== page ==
Tips For Visiting La Sierra Norte
- Take warm clothes. Seriously
- Take good shoes
- Take a waterproof jacket. You might well be in a cloud for much of your visit
- Take water (we were driven there so we took a couple of large garafones with us)
- Take snacks, especially if you have kids
- If you’re going with kids, take something to entertain them, a card game, ball, toys, ipad, whatever. While it’s great to be cut off from the fast pace of modern life, actually, the kids could do with something to play with so you can relax too!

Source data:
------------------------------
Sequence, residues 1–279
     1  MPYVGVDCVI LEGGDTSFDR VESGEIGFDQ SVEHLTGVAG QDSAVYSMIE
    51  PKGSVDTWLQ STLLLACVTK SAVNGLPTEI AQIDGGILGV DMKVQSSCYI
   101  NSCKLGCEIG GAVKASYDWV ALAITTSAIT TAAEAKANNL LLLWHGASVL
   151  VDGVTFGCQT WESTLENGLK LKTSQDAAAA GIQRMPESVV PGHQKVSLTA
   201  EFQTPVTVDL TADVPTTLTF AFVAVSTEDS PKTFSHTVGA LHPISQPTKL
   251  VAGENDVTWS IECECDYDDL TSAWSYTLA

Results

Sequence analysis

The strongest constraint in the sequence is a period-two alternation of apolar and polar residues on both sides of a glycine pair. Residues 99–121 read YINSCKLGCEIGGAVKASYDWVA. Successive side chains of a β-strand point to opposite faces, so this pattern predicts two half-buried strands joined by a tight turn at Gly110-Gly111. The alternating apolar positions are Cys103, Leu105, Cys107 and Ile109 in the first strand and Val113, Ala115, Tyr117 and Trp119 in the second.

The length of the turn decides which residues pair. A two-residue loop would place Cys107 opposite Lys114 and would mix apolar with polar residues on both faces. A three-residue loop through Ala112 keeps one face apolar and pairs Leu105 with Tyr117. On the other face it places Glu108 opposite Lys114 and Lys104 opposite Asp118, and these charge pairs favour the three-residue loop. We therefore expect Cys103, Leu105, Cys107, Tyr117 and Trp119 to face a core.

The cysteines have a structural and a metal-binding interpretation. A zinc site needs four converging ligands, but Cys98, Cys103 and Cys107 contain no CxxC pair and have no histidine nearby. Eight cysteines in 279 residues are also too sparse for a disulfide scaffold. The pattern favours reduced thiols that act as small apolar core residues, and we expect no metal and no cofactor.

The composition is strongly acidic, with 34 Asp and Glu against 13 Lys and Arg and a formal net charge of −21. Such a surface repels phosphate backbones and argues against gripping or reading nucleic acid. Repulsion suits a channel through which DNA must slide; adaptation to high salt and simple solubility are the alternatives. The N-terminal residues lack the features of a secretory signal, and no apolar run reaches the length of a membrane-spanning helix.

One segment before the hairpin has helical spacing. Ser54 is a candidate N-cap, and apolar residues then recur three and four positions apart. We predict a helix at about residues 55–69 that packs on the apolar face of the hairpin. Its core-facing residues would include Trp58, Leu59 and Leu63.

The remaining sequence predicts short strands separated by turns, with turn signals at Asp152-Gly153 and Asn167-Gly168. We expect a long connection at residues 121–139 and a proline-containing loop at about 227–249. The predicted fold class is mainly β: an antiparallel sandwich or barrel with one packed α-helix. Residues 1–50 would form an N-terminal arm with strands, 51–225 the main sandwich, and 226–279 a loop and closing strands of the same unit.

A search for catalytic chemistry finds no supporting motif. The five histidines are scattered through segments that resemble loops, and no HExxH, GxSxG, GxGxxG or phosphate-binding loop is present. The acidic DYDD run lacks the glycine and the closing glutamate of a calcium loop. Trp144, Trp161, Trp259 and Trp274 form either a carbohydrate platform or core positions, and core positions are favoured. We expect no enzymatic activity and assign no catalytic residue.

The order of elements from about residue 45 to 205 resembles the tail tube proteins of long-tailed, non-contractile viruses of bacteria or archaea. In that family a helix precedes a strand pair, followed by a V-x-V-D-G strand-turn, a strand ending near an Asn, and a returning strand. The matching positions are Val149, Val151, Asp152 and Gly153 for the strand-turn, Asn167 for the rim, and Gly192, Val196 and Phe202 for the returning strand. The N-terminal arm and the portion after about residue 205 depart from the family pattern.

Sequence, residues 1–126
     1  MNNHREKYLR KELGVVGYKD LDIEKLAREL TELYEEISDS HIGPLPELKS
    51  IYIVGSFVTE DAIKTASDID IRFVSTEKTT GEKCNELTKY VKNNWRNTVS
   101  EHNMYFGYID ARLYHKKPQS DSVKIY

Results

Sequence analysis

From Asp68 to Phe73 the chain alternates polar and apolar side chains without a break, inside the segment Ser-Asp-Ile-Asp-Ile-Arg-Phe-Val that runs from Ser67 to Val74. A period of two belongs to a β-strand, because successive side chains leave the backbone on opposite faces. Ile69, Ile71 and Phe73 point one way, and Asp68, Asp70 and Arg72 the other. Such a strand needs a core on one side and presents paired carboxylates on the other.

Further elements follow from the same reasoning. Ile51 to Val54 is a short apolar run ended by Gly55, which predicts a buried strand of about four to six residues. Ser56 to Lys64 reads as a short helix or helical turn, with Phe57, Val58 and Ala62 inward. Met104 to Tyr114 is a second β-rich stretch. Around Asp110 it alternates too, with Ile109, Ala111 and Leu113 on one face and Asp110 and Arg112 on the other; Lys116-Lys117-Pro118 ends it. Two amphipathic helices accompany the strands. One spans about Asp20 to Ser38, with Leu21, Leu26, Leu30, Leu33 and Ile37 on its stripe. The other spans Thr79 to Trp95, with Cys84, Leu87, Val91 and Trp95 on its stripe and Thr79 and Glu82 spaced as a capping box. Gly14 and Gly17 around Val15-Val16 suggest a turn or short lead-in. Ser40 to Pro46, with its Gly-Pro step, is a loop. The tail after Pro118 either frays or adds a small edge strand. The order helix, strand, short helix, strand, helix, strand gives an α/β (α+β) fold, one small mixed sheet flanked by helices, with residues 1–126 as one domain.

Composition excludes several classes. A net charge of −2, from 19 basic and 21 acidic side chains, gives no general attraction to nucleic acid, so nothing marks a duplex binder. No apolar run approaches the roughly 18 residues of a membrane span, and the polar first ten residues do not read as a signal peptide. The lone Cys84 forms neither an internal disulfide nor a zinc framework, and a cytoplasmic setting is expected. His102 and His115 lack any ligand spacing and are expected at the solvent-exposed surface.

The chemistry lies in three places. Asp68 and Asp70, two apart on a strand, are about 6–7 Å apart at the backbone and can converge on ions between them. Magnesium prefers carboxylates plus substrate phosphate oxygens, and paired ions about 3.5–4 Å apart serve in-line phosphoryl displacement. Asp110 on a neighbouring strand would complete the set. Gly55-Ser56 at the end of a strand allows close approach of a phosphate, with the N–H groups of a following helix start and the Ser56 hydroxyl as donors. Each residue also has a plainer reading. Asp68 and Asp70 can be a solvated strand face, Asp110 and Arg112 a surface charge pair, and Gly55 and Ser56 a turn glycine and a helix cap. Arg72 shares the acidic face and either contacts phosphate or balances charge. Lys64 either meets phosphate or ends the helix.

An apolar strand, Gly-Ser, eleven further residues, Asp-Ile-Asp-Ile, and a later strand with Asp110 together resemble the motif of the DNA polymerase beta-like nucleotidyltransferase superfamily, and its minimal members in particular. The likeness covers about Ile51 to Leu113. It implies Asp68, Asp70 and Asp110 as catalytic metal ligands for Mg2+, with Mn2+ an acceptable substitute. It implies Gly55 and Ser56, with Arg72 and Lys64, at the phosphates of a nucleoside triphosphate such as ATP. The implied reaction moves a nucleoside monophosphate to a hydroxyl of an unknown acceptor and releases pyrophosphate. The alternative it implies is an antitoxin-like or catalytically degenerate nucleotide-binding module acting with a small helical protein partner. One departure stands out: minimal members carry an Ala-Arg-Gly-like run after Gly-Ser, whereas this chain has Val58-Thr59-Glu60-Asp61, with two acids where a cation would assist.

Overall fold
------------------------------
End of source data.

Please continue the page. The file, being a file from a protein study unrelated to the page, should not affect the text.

I imagine that visiting La Sierra Norte might be more rewarding without kids because it really is all about exploring the area on foot or horseback. With kids we couldn’t really go far or check out the other village. Still, we had an incredible time and I wouldn’t let the having of children stop you getting out in to La Sierra Norte.
If you’re in Oaxaca in late October, early November, then are you a lucky one! It’s Dia de los Muertos time and there’s no place in Mexico better than Oaxaca to see the festivities. Check out my blog on how to enjoy this!
Whilst travelling with kids you’re obliged to feed them. If, like me, you have fussy kids, this article might be of use to you.